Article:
I’ve been wanting to write about the Irish health system ever since we arrived in the Republic in the middle of 2020, but I felt unqualified to do so until recently. I’ve now got to see a good deal of the Irish system from the inside, and for the worst possible reason: I’ve got cancer.
In my dispatches from North Dublin, I have sometimes said that the UK and Ireland can act as ‘control’ for each other in a number of ways. As a single country that separated at Irish Independence in 1922, they had a similar basis for law and political systems, which have diverged somewhat since. They also had a similar basis for essential public services such as health, but in 1948, the UK instigated the National Health Service, and Ireland did not. What we have today in Ireland is therefore what we used to have in the UK before 1948; a patchwork of health provision from the State (the HSE or Health Service Executive), from charitable organisations, and from private insurance.
Irish healthcare funding
It’s important to look at the issue of healthcare funding because, as we know, there are fears that the NHS is being undermined by a government that believes that private provision is preferable. It’s also of interest here in Ireland because of the possibility of a United Ireland. One of the issues that worries people in Northern Ireland is that they might lose the NHS and end up in what they see as an inferior system. But is it really inferior? The comparator that the UK populace is encouraged to use is that of the United States, where people really do go bankrupt because they can’t afford healthcare, but in Ireland, the rest of Europe, and Canada, there are systems that contain an element of private insurance and tick along reasonably well. I can now talk with some experience of one of those.
On the way to a diagnosis
In July 2022 I started getting abdominal pains. By the end of the month, I was in considerable discomfort and struggling to eat much at all. I went to my GP. Ireland is one of the few countries where you pay for primary care; each GP visit costs €60. It is bizarre at first to go to the receptionist’s desk and pay for your consultation or blood tests, however, like 47.5% of Irish residents, we have private healthcare; it’s just part of my husband’s benefits package with his job, and it allows us to claim back half the cost of those GP visits by taking a photo of the receipt and sending it off to the insurance company via their app. For the rest of the population, long waiting times are a problem. Another estimated 37% of the population can access a GP free of charge because of their low income. Appointments for children are also free.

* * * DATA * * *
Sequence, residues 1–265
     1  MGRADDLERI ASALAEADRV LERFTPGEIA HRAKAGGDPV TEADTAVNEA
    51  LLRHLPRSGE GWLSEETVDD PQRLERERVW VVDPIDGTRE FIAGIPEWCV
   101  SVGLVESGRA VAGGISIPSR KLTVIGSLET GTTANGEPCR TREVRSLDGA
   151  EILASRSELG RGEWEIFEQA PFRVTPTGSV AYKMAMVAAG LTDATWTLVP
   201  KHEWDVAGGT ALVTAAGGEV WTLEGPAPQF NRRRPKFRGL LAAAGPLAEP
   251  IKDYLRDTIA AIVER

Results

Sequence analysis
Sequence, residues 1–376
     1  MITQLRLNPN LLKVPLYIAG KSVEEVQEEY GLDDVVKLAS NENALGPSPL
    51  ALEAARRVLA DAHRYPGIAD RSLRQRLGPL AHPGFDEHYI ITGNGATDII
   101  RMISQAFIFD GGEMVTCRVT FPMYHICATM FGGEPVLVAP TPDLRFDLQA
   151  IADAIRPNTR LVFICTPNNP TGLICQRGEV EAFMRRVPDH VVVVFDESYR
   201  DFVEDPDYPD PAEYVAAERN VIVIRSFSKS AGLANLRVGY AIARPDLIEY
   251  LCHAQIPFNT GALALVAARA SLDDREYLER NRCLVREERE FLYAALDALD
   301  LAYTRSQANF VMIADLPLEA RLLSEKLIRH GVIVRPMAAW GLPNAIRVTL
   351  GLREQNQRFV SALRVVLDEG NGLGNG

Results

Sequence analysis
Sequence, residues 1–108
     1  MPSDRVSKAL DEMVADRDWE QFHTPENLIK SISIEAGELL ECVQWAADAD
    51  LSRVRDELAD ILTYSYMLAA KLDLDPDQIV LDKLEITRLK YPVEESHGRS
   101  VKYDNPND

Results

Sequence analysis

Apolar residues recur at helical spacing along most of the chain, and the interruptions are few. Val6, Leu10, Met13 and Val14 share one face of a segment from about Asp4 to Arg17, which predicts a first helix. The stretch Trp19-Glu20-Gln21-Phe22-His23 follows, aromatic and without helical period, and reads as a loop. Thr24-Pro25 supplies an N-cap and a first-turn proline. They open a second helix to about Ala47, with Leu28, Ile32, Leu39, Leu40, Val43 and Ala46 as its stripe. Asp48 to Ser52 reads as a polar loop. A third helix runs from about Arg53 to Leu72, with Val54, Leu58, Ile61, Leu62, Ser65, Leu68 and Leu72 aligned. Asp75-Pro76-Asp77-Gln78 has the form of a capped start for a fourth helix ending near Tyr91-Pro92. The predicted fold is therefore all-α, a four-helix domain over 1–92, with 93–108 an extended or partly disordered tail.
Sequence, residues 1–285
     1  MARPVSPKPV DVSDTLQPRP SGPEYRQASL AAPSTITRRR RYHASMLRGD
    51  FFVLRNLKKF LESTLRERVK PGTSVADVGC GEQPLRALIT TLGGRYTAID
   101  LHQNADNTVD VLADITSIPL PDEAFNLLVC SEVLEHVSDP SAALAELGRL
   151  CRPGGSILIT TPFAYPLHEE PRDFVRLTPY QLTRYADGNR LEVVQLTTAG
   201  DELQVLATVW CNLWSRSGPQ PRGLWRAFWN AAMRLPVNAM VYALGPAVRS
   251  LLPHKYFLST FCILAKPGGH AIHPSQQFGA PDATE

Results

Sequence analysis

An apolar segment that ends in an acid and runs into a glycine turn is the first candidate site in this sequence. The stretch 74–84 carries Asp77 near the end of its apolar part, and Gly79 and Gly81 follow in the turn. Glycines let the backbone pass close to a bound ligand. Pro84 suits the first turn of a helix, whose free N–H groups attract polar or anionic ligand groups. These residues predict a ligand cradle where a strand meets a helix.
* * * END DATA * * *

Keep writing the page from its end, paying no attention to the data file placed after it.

When you are a lady of a certain age with abdominal pains, the first thing they do is check out your gynaecology, then your bowels. So I booked in for a hysteroscopy – a fibre-optic investigation of the uterus. However, my husband’s employer was in the middle of changing our insurance company as of August 1st. The gynaecologist had no availability in July, and I couldn’t even log in to the new insurer’s website until August 1st. (Coincidentally that was also the date that I was taken to the Emergency Department at our local hospital, but that is an episode I prefer to gloss over.) Eventually I got an ultrasound, an MRI scan and finally a hysteroscopy, booked for the end of September. I worried the whole time, because my mother died of ovarian cancer in 2004, and her symptoms were a lot like mine. The operation was a simple day case under general anaesthetic. Afterwards, the consultant came to my bedside and told me he had found nothing except a small benign polyp, which he had removed, and he fully expected my symptoms to resolve. They didn’t. At a follow-up appointment he told me the scans were also normal. He sent me his bill. I claimed it via the insurer’s app. It’s wise to have a bit of float in your bank account to allow for the spend and reimbursement.
About a month later, I had a colonscopy. Anyone who has had this done – and in the UK you are invited for a routine colonoscopy at the age of 55 – will know that the ‘prep’ of two days with no food and lots of laxatives – is far worse than the procedure. I had already had a routine colonscopy done in England by a couple of cheerful nurses and technicians, and they hadn’t found any problems. In Dublin, as a private patient, my colonscopy was actually done by a Professor. She introduced herself very informally with her first name, but all the same, she was a senior consultant with teaching duties and a long publication record. And it was this same professor who saw me afterwards, while I was tucking into tea and toast, and told me that everything was ok but she had removed a couple of small benign polyps from my bowel. It seemed like a pattern.
As the pain wasn’t much better after all this, I went back to my GP. I also told him that I had lost 17kg (2st 9lbs) over the summer just because I couldn’t eat. He felt my upper abdomen and said it seemed swollen and tender. He referred me to an ‘Upper Gastro-intestinal tract’ surgeon, who ordered a CT scan, and that was when the problem became apparent. After wielding my bank card once again in the radiography suite, and lying in the huge drum of the scanner, an area of my abdomen lit up with the iodine tracer. I was back in the surgeon’s office within two days, and he broke the news to me that it looked like I had a lymphoma. This was not his expertise, so he referred me on to a Haematologist and ordered another CT scan, this time of my neck and thorax, where lymphomas sometimes lurk.
I was at the beginning of a long journey.
To be continued.
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